Sophomore Member
Joined
Mar 2, 2013
Professional Status
Certified Residential Appraiser
State
Florida
ditch it as a comp lol avoid the headache...

unless you really need to have it in there...
This is the subject's prior sale from August 2016. It is Comp 4. Island properties are tricky as the owners are all sure their property is by far better than any comparable. Using his prior sale will put the BS to rest.
 

J Grant

Elite Member
Joined
Dec 9, 2003
Professional Status
Certified Residential Appraiser
State
Florida
I'm not a big fan of prior sale of subject as a comp (typically), especially with an oddball situation like this, why put it on grid, why not just comment on it? The prior sale has to be disclosed anyway...jmo

My take on selection comps, if including a sale as a comp emhances reliablity and credibility of conclusions and opinions including value opinion, use it on grid. If including it weakens the reliability/credibility, don't put it on the grid, comment and analyze it in narrative if relevant
 

Peter LeQuire

Elite Member
Joined
Jan 3, 2005
Professional Status
Retired Appraiser
State
Tennessee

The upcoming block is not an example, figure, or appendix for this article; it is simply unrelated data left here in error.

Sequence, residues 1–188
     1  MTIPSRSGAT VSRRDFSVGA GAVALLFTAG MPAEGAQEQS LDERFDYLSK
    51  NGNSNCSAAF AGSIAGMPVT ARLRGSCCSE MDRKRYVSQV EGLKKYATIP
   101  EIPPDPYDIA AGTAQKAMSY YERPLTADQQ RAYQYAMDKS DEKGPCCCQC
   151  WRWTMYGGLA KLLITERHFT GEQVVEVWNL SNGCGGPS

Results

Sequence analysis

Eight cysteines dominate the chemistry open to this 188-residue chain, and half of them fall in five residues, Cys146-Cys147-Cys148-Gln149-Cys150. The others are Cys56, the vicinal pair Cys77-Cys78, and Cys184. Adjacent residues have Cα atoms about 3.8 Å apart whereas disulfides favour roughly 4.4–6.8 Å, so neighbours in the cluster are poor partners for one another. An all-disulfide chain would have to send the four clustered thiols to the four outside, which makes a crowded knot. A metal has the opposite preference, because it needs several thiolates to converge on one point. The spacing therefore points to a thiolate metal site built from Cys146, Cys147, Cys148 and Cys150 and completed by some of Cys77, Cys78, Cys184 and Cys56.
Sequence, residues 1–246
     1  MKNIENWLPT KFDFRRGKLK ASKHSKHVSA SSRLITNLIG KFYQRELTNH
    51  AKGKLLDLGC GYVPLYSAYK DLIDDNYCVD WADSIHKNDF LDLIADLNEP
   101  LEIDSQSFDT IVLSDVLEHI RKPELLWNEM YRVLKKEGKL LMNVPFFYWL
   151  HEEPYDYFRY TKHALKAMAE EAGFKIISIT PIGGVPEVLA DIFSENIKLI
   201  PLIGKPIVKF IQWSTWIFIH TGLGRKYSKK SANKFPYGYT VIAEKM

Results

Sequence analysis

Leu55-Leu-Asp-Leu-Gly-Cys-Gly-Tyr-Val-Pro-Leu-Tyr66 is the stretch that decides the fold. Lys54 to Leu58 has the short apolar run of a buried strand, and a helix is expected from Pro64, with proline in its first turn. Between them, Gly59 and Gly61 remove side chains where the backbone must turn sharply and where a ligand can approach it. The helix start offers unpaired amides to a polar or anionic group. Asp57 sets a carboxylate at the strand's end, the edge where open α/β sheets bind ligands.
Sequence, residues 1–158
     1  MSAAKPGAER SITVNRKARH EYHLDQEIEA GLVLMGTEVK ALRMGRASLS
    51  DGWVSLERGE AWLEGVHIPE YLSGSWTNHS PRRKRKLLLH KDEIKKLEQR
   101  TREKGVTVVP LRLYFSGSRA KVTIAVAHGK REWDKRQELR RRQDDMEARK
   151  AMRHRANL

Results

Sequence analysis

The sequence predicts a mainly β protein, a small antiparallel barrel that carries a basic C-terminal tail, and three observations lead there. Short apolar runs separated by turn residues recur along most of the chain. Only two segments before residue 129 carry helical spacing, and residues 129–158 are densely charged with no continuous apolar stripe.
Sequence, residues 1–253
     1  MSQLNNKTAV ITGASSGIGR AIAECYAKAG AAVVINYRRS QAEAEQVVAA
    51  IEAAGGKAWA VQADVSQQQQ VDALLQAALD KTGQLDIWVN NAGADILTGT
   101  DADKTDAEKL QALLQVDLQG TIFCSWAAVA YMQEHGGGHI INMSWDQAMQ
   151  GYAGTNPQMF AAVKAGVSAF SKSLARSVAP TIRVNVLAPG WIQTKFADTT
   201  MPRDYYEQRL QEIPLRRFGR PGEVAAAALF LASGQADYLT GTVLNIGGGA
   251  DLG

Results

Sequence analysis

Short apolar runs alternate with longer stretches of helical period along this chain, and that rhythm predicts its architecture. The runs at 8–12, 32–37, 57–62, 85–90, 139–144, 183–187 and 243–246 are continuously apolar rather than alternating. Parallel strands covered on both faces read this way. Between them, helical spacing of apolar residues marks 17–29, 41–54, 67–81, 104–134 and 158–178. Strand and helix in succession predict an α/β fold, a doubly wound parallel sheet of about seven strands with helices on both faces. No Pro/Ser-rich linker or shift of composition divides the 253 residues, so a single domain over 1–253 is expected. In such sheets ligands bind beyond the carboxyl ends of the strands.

This is the subject's prior sale from August 2016. It is Comp 4. Island properties are tricky as the owners are all sure their property is by far better than any comparable. Using his prior sale will put the BS to rest.

If you have very limited data, and a relatively recent sale of the property being appraised, verify the terms, interview anybody who will talk with you about it, determine whether the house has been updated/modified and use it. Assuming the sale was arm's-length, and that there were no concessions (nor hanky-panky) with price information, you'll not find a better comp. There are many areas I am familiar with or know of where property owners sneer at MLS, and generally have a regularly updated list of people interested in living in those areas (and people who know people who want to live there).